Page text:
After meeting with her, she informed me that what I had developed was rosacea. Luckily, it was a very mild form, but she confirmed that — in addition to hyperpigmentation — CO2 lasers can cause an immune response that triggers rosacea to manifest.

    Rosacea on someone's skin.

    Now, in severe cases of ongoing rosacea, laser technology may be beneficial. In my case, Dr. Shamban believed I could be successfully treated with the right topical agents (plus, with my recent laser experience, I was not ready to do it again). Here is what she gave me:

    Dermal repair cream and facial serum.

    Unfortunately, the Dermal Repair Cream caused me to get cystic-like bumps, and I immediately stopped using it. Dr. Shamban then prescribed me azelaic acid — a topical cream that has anti-inflammatory properties — but it also caused more bumps/irritation. So, I stopped using that as well.

    Closeup of Krista Torres

    And I was back to the drawing board, lol. I started a new cleanser — EltaMD Foaming Facial Cleanser — and a topical metronidazole prescription that was prescribed through a dermatologist from my medical insurance.

    This new regimen has kept things "under control" for about a month — meaning my skin hasn't had a reaction, which is good, but it really isn't making things better as of yet. Dr. Shamban told me that, at this point, I may just have to wait for things to subside. She said she is confident my skin will eventually heal itself, but since it has been four months at this point, I am just accepting that this is how my skin is now. (Again, I had the laser treatment done in January for reference.)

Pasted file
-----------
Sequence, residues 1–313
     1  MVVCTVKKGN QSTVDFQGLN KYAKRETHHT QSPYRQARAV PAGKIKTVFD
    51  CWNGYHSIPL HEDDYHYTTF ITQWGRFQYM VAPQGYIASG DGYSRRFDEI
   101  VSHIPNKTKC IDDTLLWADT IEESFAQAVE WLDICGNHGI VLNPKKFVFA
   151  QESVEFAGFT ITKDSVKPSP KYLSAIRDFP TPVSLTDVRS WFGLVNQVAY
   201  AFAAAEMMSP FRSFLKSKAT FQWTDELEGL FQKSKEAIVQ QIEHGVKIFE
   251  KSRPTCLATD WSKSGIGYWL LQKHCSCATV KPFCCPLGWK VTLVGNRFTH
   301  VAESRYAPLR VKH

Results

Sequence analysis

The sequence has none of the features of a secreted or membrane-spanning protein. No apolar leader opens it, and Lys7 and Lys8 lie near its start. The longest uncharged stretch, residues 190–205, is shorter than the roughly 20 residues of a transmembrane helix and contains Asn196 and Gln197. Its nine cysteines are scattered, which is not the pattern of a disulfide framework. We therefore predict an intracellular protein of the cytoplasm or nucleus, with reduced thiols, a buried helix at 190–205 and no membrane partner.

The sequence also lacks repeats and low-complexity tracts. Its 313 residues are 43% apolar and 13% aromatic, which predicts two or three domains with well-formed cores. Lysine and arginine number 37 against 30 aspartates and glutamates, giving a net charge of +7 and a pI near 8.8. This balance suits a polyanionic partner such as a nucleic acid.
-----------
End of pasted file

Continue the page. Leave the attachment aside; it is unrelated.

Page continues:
So, why did I write this article? There are several reasons, but as lasers and chemical peels become more popular, I mainly wanted to share my experience to help educate others on the risks involved before undergoing these procedures. And I am not a standalone case — this woman's nightmare of getting a facial laser treatment is all the proof you need.

    Looking back now, I do believe it is important to ONLY get treatment from a place you have vetted and trust. I got my treatment at a credible business, but looking back, there were some things that made me a bit uncomfortable that I probably wouldn't overlook knowing what I know now (for example, the aesthetician had me hold a mirror up to my face and basically told me everything that was wrong with it and where I needed fillers and botox).

    Also, I want to share what DID work for me in terms of battling this mild rosacea/hyperpigmentation. I LOVE the EltaMD cleanser. It gets super foamy, and I just love how it makes my skin feel afterward — it's more costly ($30.50) than the Cetaphil cleanser but worth it IMO. The Calm-R I feel has been able to reduce some of the redness, so I would also recommend that.

    EltaMD foaming facial cleanser and Calm-R facial serum

    Lastly, I want to encourage everyone to be nicer to themselves. I now have a newfound appreciation for my skin, and I am learning to accept myself as I creep closer and closer to 40 every day 😜.

    Alright — if you have hyperpigmentation and/or rosacea, share your best tips below to help those of us who need it!!!